Gelf Magazine - Looking over the overlooked

Arts

August 24, 2008

School for Would-Be Scoundrels

Robert Galinsky, the Dean of the New York Reality TV School, prepares his students for the not-so-real world.

Max Lakin

About two years ago, the minds behind CBS's Survivor series crossed the line of the God-fearing and organized their landmark game-show-beauty-pageant-hybrid around race. And not simply around it, but hinged to the conceit of pitting races against each other to see which was better. And guess what? We ate it up! It's not much of a secret that this country feeds on the quasi-reality culture harvested for us by Big TV, at this point so scientifically formulaic that even you, the real, non-reality star, can enroll in a class to learn how to parlay your average-ness into the kind of average-ness America craves.

"I'm at the gates of hell and I'm doing something revolutionary, stepping into the epicenter and fighting the beast."—Robert Galinsky

The New York Reality Television School really exists, occupying a modest space near Manhattan's Gramercy Park. Don't blame founder and instructor Robert Galinsky; he just thought of it first. Since the school's inception at the end of June, Galinsky, a veteran actor, producer, and casting director, has taken dozens of students under his wing and taught them how to be more entertaining versions of themselves.

Galinsky took a break from cultivating the Dad Marriers of tomorrow and spoke with Gelf about TV as an emissary of benevolence, the political rebellion of "reality" entertainment, and how to save the genre. The following interview has been edited for clarity. [You can hear Galinsky talk about his work at Gelf's Non-Motivational Speaker Series on Thursday, August 28 in New York's Lower East Side].

Gelf Magazine: The idea of a school for reality TV is kind of novel, and definitely niche-specific. I'd imagine it's somewhere between School of Rock and Charm School, though that's only a guess. What was the real motivation?

Robert Galinsky: The motivation for the school came out of the work I've been doing for the past 20 years—using theater to improve people's lives and to give voices to marginal characters. Reality TV is really bad improvisational theater, and that's because 99 percent of the people on shows have no idea how to improvise a successful scene, story, or joke. They don't know it takes training. I've been coaching and directing live theater, and producing and directing Internet TV for years, and what I am doing with the NYRTS is really just another filter to let what I do play out.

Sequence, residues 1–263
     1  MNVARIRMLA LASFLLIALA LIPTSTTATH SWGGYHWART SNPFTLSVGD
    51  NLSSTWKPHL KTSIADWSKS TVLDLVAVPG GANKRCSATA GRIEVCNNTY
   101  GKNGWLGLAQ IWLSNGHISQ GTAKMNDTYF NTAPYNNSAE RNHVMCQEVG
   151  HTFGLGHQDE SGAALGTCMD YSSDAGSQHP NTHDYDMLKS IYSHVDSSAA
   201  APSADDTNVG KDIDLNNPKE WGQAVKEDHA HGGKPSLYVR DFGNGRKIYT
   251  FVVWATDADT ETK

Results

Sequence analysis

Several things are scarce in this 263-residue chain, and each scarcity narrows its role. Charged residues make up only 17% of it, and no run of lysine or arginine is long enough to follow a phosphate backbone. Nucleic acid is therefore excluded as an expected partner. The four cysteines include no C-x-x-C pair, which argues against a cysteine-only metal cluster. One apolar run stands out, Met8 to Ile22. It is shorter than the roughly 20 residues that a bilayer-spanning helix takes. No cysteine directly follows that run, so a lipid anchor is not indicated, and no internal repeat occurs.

GM: Do you ever worry that the fact that you are able to train people to be on “reality” TV undermines the basic idea of the genre—like you're teaching them to act?

RG: The whole idea of reality TV is a lie. It is not real; it's improv and unscripted drama with some of the greatest modern writers (video editors and directors) creating the stories. The people we train are going to make for better TV because they can now play back against the manipulation of producers and directors. The knowledge students gain here allows them to leverage themselves, to tap into themselves and expose stronger personas and portrayals of themselves in these shows. Add that to the fact they know how to combat the manipulation and pressure, and we may have some great comedy and drama.

A scene from Survivor: Cook Islands

GM: But do you ever have trouble sleeping, thinking that you possibly are feeding the degradation of American society as we know it?

RG: I have been accused of feeding the degradation of American society, and my answer is that I am down in the trenches of entertainment and performance, in the dirty nasty trenches where no one wants to go, trying to make it better. Just like the weeks after 9/11, there were scores of people who sat back and bitched, with a latte in hand watching CNN, getting angry because of what they saw, but didn't lift a finger to help. The American way: Bitch about things but don't get dirty to make changes. I feel like this is my Peace Corps work. I'm in the eye of the storm, at the gates of hell that everyone is whining about and I'm doing something revolutionary to make change, stepping into the epicenter and fighting the beast. So I'm not of the mind that I am contributing to the inevitable demise of American society. The whiners are.